Find your place in the new quantum revolution!
For information contact
Outreach Coordinator, EPSCoR
Who should apply
- Quantum Mechanics
- Materials Engineering
EligibilityParticipation in the Nebraska Summer Research Program is limited to students who meet the following criteria:
- U.S. Citizen or Permanent Resident
- Current undergraduate with at least one semester of coursework remaining before obtaining a bachelor's degree
See Eligibility for more information.
How to apply
Follow the application steps to submit the following materials.
About the Program
Emergent Quantum Materials and Technologies (EQUATE) is a $20 million NSF-funded project placing Nebraska researchers in the second quantum revolution. This project focuses on research and workforce development to advance knowledge on topics related to quantum materials, technologies, and computation. These new technologies will revolutionize fields such as information technology, medicine, meteorology, and cryptography, with an impact on security areas such as defense and banking.
EQUATE consolidates the quantum science and technology expertise of 20 faculty researchers across the four Nebraska research institutions, establishing collaboration and feedback between theory and experiment to guide discoveries and expedite the findings of new emergent quantum materials and phenomena.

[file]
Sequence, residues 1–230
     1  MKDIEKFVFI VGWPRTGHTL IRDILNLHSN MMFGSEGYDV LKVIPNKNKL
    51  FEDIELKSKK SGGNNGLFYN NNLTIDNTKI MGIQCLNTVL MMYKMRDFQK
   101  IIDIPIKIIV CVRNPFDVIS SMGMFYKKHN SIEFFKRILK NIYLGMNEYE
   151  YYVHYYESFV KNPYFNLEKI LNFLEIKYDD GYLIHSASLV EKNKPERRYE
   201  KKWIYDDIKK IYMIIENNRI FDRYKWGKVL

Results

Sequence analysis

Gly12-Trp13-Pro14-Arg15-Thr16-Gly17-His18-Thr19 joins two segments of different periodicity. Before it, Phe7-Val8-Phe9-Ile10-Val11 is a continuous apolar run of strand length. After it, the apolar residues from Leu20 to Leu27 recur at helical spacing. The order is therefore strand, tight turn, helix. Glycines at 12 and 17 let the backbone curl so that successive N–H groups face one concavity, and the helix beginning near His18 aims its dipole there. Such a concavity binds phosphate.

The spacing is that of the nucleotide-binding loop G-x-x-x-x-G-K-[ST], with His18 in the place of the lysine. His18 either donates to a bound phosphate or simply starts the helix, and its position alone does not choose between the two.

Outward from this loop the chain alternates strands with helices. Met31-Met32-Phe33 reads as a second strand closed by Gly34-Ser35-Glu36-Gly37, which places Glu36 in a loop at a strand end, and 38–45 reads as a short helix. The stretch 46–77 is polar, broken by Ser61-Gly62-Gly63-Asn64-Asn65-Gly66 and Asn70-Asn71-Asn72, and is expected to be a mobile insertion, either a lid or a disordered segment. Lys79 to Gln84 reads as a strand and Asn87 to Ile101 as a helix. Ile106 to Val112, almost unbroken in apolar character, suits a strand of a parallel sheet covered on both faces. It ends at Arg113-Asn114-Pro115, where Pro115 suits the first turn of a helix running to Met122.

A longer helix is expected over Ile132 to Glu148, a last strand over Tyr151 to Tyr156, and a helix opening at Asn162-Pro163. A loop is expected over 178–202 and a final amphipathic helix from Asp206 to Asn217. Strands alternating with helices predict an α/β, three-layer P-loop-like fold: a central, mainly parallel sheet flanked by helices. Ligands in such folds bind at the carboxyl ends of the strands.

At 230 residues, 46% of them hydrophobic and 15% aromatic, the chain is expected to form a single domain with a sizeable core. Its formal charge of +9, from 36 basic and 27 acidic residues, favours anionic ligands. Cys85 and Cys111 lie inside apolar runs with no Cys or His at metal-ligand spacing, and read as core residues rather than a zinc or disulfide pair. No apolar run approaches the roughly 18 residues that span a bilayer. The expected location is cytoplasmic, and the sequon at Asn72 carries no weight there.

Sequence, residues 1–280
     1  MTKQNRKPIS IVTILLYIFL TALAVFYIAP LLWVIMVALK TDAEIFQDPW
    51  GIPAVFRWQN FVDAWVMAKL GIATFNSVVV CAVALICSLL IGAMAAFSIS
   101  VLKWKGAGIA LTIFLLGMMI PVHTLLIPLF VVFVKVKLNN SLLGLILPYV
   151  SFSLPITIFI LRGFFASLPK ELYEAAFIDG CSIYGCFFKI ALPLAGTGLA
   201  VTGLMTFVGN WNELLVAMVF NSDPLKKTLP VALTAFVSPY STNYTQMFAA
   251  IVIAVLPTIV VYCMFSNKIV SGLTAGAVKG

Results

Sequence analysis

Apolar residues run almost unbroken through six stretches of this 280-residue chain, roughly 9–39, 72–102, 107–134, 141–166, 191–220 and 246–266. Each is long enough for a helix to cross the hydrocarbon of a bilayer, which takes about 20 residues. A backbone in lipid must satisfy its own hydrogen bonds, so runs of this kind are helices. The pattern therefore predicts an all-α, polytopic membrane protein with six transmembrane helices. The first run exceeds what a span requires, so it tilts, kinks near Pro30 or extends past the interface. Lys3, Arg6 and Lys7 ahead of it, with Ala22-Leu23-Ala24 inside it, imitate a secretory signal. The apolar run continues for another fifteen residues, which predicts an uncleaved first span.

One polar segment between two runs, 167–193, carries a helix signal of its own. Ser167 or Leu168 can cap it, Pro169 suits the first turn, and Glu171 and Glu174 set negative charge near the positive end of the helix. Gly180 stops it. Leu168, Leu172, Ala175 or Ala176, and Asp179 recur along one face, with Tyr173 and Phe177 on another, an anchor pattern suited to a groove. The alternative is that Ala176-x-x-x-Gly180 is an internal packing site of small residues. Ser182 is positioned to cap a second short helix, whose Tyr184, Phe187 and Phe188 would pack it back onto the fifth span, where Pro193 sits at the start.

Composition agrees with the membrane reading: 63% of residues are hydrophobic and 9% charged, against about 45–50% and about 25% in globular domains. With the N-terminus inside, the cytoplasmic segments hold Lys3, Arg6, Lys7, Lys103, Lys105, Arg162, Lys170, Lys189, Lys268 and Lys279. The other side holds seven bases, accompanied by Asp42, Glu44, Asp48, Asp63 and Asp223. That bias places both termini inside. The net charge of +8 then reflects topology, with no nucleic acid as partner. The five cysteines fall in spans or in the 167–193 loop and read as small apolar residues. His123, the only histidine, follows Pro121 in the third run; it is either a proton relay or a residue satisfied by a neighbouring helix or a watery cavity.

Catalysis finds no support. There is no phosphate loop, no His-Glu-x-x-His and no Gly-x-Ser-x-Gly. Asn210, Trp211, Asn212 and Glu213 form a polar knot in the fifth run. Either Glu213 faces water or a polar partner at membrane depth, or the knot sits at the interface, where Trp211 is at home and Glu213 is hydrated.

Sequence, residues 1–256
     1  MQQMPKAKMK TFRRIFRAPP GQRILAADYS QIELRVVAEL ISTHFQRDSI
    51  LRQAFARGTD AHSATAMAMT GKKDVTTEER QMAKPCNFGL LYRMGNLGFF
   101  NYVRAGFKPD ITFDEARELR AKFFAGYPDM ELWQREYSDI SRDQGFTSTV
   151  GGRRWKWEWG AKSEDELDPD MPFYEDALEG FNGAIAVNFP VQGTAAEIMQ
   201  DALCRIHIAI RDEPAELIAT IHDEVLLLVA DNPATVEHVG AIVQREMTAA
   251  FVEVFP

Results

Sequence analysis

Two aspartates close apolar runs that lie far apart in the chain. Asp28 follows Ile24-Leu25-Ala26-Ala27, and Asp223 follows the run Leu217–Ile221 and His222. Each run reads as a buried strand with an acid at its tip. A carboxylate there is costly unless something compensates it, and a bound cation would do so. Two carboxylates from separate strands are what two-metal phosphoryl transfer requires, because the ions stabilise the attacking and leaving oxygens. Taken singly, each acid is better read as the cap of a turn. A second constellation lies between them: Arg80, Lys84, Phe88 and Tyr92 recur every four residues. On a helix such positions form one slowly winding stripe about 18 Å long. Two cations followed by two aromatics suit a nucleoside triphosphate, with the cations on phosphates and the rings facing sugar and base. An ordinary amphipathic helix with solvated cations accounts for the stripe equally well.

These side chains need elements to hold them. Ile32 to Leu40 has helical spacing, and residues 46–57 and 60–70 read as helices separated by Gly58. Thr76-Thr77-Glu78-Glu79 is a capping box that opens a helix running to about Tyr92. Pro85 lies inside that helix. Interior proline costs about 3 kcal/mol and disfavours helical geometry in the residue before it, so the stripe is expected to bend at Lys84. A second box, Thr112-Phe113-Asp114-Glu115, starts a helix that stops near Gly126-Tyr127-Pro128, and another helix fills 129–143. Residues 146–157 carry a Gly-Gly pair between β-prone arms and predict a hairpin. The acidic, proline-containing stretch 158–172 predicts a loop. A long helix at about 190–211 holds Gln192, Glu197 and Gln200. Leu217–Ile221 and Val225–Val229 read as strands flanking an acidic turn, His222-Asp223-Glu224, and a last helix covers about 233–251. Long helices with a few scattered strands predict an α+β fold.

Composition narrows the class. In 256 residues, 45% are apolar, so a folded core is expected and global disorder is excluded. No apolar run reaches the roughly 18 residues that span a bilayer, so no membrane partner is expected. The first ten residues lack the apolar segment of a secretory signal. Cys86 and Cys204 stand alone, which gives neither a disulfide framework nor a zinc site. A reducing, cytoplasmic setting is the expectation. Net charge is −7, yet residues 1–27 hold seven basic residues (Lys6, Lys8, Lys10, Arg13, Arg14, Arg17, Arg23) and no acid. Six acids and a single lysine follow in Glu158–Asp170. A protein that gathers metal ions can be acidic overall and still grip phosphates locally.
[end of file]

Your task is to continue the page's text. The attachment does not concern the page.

- Competitive stipend: $6,000
- Suite-style room and meal plan
- Travel expenses to and from Lincoln
- Campus parking and/or bus pass
- Full access to the Campus Recreation Center and campus library system
- Wireless internet access
Learn more about academic and financial benefits.
- Department seminars and presentations
- Professional development workshops (e.g., applying to graduate school, taking the GRE)
- Welcome picnic
- Day trip to Omaha's Henry Doorly Zoo and Aquarium
- Outdoor adventures
- Research symposium
Mentors and Projects
Prof. Xia Hong Physics and Astronomy
Scanning probe microscopy studies of van der Waals materials
In this project, the student will participate in the preparation of two dimensional van der Waals materials and characterization using atomic force microscopy and piezoresponse force microscopy.
Prof. Abdelghani Laraoui Mechanical and Materials Engineering
Nanoscale imaging of magnetic phenomena in solid-state materials using diamond quantum sensors
A wide range of new materials showing exciting magnetic phenomena have been discovered over the past few decades. However, current characterization techniques do not provide the combined spatial resolution and sensitivity required to fully map their properties at the nanometer scale. A new technique has emerged for measuring physical properties (magnetic, optical, electrical…) at the nanoscale with the potential to increase sensitivity and resolution well beyond existing methods. This technology uses small diamond sheets engineered to contain nitrogen vacancy (NV) centers. In this project, students will use NV microscopy to characterize materials and compare to results obtained using current characterization techniques such as magnetic force microscopy (MFM) and atomic force microscopy (AFM). Students will also learn new skills in quantum optics, microwave electronics, and device nanofabrication.
Prof. Xiaoshan Xu Physics and Astronomy
Magnetism of spin-crossover organic thin films
In this project, the student will learn to carry out growth, structural, transport, and magnetic characterization of organic thin films with spin-crossover transitions.